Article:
Einstein Letter Warns of German Anti-Semitism 10 Years Before Nazis' Rise to Power
In a letter penned in 1922, Albert Einstein articulated his eerily accurate fears about the rise of nationalism, antisemitism and violence in his home country of Germany.
Credit: Kedem Auction House

A handwritten letter from Albert Einstein to his sister, Maja, has sold for $39,350 at an auction in Jerusalem. The letter, penned in 1922 from a secret location in northern Germany, reveals the physicist's prescient fears about the rise of nationalism and violence in his country a full decade before the Nazi party rose to power.

Einstein wrote the letter from hiding after the assassination of his friend Walther Rathenau, the German foreign minister and a fellow Jew, at the hands of right-wing extremists. Warned by police that he might be next, the prominent physicist left Berlin and fled to an undisclosed location in northern Germany. While the letter has no return address, scholars believe it was written while Einstein was staying in the port city of Kiel before embarking on a speaking tour in Asia, according to the Kedem auction house in Jerusalem, which sold the letter. [Beyond Relativity: Einstein's Lesser Known Work]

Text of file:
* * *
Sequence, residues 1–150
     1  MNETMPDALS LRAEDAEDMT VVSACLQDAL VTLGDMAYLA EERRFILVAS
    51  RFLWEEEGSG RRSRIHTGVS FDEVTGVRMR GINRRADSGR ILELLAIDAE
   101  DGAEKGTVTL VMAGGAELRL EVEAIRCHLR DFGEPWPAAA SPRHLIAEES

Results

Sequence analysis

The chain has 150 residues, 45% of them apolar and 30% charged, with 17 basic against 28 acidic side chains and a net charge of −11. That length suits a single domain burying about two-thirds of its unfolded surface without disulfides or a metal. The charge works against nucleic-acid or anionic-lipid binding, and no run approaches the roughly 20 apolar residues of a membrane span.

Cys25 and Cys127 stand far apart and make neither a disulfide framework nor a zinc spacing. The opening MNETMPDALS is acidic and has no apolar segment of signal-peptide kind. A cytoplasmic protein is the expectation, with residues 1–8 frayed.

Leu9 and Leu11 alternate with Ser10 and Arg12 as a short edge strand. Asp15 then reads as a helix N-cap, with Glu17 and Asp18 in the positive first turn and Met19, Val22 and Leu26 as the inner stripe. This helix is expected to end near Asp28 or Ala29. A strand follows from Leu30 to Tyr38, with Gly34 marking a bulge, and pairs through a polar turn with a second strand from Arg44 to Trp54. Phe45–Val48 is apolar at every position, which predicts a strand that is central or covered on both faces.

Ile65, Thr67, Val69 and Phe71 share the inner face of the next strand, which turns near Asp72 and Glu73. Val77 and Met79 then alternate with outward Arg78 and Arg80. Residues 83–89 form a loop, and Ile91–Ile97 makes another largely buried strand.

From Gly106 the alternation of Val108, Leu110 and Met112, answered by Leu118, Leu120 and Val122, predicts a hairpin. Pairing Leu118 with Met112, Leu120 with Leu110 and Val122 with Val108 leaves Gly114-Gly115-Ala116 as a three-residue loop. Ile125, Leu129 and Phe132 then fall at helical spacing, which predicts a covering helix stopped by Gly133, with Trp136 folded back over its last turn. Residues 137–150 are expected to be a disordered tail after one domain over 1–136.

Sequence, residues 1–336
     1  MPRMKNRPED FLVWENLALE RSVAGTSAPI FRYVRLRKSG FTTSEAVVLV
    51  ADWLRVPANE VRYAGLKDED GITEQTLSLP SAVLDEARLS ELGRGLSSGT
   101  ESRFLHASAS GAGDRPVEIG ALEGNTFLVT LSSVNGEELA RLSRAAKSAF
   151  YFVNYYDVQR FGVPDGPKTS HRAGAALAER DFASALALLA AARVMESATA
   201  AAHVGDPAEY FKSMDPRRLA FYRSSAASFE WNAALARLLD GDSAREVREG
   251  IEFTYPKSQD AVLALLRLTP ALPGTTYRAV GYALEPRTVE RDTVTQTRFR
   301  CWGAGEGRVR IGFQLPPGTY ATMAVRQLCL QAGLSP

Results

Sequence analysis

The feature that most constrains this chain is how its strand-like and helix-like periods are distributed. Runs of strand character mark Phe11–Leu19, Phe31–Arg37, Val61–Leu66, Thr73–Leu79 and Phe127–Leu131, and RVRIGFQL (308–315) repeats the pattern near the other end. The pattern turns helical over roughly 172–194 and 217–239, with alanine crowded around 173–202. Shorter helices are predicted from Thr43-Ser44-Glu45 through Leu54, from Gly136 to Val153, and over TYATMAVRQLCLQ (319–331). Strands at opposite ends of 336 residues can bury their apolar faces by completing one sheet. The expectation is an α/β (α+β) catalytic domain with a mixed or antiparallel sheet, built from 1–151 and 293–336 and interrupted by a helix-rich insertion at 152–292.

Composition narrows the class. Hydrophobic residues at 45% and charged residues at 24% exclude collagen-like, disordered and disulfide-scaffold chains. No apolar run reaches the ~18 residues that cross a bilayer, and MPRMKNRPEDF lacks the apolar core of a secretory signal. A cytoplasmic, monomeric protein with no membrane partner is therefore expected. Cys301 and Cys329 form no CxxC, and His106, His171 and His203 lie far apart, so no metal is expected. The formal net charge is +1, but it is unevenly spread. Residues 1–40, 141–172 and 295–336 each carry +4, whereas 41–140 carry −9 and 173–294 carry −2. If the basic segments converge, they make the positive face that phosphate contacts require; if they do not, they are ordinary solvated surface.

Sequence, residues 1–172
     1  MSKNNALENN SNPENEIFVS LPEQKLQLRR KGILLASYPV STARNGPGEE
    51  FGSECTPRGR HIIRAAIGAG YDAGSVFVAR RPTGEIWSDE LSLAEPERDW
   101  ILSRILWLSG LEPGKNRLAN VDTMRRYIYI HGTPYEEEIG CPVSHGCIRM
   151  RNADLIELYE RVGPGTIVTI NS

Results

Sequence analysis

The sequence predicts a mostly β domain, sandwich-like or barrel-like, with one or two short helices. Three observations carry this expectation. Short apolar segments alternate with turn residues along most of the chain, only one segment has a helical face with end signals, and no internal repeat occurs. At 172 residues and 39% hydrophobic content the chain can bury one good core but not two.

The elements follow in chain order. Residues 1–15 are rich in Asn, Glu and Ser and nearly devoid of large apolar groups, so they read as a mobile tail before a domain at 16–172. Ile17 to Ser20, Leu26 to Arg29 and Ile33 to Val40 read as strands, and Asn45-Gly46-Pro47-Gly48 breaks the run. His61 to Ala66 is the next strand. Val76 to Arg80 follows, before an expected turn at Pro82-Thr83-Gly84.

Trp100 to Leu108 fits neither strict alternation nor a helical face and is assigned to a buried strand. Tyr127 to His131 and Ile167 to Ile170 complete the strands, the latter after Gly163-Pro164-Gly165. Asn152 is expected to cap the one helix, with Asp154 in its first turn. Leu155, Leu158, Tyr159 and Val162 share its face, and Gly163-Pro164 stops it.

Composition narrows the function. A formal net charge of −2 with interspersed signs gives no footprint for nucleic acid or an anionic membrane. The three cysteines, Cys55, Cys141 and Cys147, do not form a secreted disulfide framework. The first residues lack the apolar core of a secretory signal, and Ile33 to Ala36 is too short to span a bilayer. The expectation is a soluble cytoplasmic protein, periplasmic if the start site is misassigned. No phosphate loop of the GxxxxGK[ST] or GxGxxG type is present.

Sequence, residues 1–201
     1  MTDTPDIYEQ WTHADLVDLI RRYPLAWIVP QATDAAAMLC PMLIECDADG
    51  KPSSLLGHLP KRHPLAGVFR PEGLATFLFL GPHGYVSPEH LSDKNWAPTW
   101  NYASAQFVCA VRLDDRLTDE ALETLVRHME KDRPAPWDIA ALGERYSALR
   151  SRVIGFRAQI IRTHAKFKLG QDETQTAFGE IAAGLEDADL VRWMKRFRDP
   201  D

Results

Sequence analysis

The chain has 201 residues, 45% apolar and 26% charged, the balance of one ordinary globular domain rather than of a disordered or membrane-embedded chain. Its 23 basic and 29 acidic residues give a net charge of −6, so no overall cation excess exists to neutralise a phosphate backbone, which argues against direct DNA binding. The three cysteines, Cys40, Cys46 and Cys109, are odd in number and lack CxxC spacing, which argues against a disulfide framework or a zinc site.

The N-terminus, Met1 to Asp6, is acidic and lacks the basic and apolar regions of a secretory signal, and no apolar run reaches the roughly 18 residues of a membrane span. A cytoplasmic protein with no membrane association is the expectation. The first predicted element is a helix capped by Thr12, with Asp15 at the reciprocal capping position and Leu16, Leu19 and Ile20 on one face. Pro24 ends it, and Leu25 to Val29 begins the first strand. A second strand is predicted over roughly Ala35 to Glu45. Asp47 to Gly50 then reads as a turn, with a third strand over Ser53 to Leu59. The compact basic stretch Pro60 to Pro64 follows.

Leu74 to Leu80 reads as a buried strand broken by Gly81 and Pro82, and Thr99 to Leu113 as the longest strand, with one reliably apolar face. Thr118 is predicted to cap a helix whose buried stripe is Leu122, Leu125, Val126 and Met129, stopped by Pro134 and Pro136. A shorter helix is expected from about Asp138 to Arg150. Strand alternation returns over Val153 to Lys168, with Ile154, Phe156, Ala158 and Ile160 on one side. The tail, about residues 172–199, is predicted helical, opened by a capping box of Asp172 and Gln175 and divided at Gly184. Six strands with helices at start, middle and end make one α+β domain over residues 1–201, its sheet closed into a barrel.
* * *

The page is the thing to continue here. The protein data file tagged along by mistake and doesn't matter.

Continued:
"Nobody knows where I am, and I'm believed to be missing," Einstein wrote in the letter. "I am doing quite well, in spite of all the anti-Semites among my German colleagues... Here are brewing economically and politically dark times, so I'm happy to be able to get away from everything for half a year."

According to Ze'ev Rosenkranz, the assistant director of the Einstein Papers Project at the California Institute of Technology, Einstein had warned about the rise of anti-Semitism in Germany before this letter, but was extremely rattled by the death of his friend.

"Einstein's initial reaction was one of panic and a desire to leave Germany for good," Rosenkranz said in a statement. "Within a week, he had changed his mind,"

While delivering lectures abroad later that year (and writing some pretty racist travel diaries), Einstein was notified that he had won the Nobel Prize in physics for his work studying the photoelectric effect. He ultimately returned to Germany until the Nazis rose to power in 1933 and passed anti-Semitic laws that removed Jews from public posts, including teaching positions.

Einstein was lecturing abroad when Hitler became chancellor. The physicist renounced his German citizenship and ultimately emigrated to America, where he lived until the end of his days.

Originally published on Live Science.